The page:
Countless musicians have paid tribute to their moms with gorgeous, heartwarming and fun songs. But many artists who have their own kids also celebrate motherhood with lyrics from the parent's perspective.  In honor of Mother's Day, we put together a list of beautiful songs about motherhood, from famous musician moms. 1. "Sweetest Devotion" by Adele "The song is all about my kid," Adele told USA Today in an interview last year. "The way I've described it is that something much bigger has happened in my life. I love that my life is now about someone else." 2. "Speechless" by Alicia Keys (featuring Eve) Alicia Keys wrote "Speechless" after giving birth to her first child, a son named Egypt, in 2010. A tribute to her baby, the song's lyrics include, "When I wake up in the morning babe / Can't believe my eyes / Sweetest little part of destiny." 3. "I Hope You Dance" by Lee Ann Womack This early-2000s chart topper was ...
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Huffington Post article
The Weeknd And Lauryn Hill Perform On 'Tonight Show' After Canceled Grammys Duet
Huffington Post - about 1 year
Looks like that nixed Grammys duet between The Weeknd and Lauryn Hill finally came to fruition.  During the Canadian R&B star's set on "The Tonight Show Starring Jimmy Fallon" on Friday, the former Fugees member surprised the audience when she joined him onstage to perform his single "In the Night." Naturally, the duo sounded great together.  Following the performance, the "Can't Feel My Face" singer sent a tweet expressing his gratitude toward Hill. He called the performance, the "most important experience of my life."  most important experience of my life. thank you Ms. Hill — The Weeknd (@theweeknd) February 20, 2016 Of course, the duet comes just after the two were reportedly set to perform together at the Grammys on Feb. 15. However, Hill pulled out of the performance last minute, with her rep claiming, "The Grammys announced a performance by Ms. Lauryn Hill prematurely and without approval."  Hill's rep also added: "Any performance that could have ...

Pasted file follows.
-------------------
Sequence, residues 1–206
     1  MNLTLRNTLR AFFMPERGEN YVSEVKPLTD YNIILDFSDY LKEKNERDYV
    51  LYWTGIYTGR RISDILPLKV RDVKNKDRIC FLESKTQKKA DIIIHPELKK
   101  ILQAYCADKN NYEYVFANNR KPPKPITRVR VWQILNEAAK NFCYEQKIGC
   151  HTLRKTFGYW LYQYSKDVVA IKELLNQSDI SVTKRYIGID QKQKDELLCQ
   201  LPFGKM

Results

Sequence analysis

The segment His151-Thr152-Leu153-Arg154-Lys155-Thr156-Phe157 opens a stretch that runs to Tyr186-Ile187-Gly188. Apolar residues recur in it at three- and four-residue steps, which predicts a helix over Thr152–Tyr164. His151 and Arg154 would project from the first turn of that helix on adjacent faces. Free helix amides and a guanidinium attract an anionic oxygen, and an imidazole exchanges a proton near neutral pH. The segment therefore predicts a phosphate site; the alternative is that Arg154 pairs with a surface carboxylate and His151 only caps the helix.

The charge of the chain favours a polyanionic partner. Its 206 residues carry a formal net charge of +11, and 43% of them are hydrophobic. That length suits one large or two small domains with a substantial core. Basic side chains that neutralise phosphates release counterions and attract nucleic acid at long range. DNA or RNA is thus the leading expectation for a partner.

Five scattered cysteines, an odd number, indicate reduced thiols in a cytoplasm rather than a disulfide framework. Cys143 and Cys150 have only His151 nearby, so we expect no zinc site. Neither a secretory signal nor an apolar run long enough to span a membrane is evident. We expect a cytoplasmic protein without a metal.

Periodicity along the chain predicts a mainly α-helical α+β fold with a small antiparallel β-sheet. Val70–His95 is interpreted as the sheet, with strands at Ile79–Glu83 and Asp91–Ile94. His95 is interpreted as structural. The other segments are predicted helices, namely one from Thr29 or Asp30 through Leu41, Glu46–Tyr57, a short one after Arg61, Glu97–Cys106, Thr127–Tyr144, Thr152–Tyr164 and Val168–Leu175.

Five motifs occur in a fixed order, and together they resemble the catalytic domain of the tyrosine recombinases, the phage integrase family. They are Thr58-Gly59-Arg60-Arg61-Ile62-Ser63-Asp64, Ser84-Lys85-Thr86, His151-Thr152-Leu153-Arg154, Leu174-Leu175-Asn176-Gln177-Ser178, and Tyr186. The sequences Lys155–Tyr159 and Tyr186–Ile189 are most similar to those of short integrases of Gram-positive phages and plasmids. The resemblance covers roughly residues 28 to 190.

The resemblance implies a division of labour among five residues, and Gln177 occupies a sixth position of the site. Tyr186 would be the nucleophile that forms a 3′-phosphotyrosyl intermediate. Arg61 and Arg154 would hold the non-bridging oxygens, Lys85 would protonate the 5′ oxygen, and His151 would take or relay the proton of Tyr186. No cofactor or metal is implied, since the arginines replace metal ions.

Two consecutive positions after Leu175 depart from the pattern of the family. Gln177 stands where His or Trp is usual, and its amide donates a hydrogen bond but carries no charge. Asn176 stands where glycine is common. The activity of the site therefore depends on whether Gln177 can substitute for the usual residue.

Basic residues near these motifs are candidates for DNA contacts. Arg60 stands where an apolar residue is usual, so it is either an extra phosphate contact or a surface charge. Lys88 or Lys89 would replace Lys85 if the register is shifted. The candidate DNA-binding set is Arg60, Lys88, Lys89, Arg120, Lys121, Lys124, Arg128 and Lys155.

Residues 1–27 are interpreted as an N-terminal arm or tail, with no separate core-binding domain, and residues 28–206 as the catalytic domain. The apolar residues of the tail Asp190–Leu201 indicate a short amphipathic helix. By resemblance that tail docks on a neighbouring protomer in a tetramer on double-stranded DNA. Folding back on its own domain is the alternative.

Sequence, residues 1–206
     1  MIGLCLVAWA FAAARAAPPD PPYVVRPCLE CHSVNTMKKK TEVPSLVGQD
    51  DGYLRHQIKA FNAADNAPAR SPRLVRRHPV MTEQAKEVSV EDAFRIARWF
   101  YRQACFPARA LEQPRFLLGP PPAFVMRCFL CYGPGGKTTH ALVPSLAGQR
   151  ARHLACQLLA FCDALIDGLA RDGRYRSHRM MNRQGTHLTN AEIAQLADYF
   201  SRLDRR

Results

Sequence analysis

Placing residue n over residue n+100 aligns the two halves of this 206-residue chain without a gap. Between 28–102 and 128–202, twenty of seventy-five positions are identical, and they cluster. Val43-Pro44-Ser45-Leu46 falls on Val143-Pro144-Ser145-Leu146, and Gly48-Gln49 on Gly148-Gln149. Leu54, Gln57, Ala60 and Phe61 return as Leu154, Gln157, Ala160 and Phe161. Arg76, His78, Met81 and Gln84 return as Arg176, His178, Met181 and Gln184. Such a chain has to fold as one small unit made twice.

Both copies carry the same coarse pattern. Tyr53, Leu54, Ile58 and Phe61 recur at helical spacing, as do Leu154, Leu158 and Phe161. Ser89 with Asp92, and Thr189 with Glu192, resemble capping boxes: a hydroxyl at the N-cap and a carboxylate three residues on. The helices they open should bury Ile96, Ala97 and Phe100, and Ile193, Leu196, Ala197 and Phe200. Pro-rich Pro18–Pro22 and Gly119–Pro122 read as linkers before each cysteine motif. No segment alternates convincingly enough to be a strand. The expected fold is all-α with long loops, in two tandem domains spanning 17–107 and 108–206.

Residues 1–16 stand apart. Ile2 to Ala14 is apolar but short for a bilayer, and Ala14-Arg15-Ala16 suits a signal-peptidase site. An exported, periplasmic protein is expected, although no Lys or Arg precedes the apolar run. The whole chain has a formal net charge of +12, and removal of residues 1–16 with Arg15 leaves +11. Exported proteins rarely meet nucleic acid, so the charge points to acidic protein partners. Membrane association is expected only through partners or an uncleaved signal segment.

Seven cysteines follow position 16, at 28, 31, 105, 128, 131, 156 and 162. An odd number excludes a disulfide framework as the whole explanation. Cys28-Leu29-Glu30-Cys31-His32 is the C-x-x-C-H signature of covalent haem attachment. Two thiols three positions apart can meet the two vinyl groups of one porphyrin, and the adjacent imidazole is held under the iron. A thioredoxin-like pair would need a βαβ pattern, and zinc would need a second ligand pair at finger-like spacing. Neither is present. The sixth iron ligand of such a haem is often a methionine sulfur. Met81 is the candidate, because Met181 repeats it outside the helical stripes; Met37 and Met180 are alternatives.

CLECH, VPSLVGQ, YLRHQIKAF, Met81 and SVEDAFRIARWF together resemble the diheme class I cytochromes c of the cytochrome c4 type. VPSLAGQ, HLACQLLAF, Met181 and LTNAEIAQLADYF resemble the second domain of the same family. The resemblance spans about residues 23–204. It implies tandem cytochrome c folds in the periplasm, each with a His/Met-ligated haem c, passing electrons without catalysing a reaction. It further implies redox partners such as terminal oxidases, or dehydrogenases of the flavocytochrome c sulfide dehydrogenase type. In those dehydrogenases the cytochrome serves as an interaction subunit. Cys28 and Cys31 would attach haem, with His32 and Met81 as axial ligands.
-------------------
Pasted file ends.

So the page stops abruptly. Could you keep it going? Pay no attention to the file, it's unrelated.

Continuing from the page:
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Huffington Post article
Learn about memorable moments in the evolution of Lauryn Hill
  • 2016
    Age 40
    In April 2016, Hill hosted and headlined what was billed as the inaugural Diaspora Calling! festival at the Kings Theatre in Brooklyn.
    More Details Hide Details The festival's purpose was to showcase the efforts of musicians and artists from around the African diaspora. Moments after the less than 40 minute show ended, she said her driver had gotten lost and she could not help that. Less than 48 hours later, after a large backlash from her fans on Twitter, she took to her Facebook page and claimed she was two hours late for concert because of need to 'align her energies.'